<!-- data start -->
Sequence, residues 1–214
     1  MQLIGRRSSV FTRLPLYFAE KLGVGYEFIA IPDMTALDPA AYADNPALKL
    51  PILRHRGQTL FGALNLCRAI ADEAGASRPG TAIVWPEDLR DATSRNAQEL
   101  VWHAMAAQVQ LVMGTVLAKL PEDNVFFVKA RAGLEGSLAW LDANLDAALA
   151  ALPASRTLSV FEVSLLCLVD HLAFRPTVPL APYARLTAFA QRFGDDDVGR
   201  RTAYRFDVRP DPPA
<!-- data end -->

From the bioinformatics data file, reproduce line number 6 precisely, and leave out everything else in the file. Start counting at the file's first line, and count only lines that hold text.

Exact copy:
   201  RTAYRFDVRP DPPA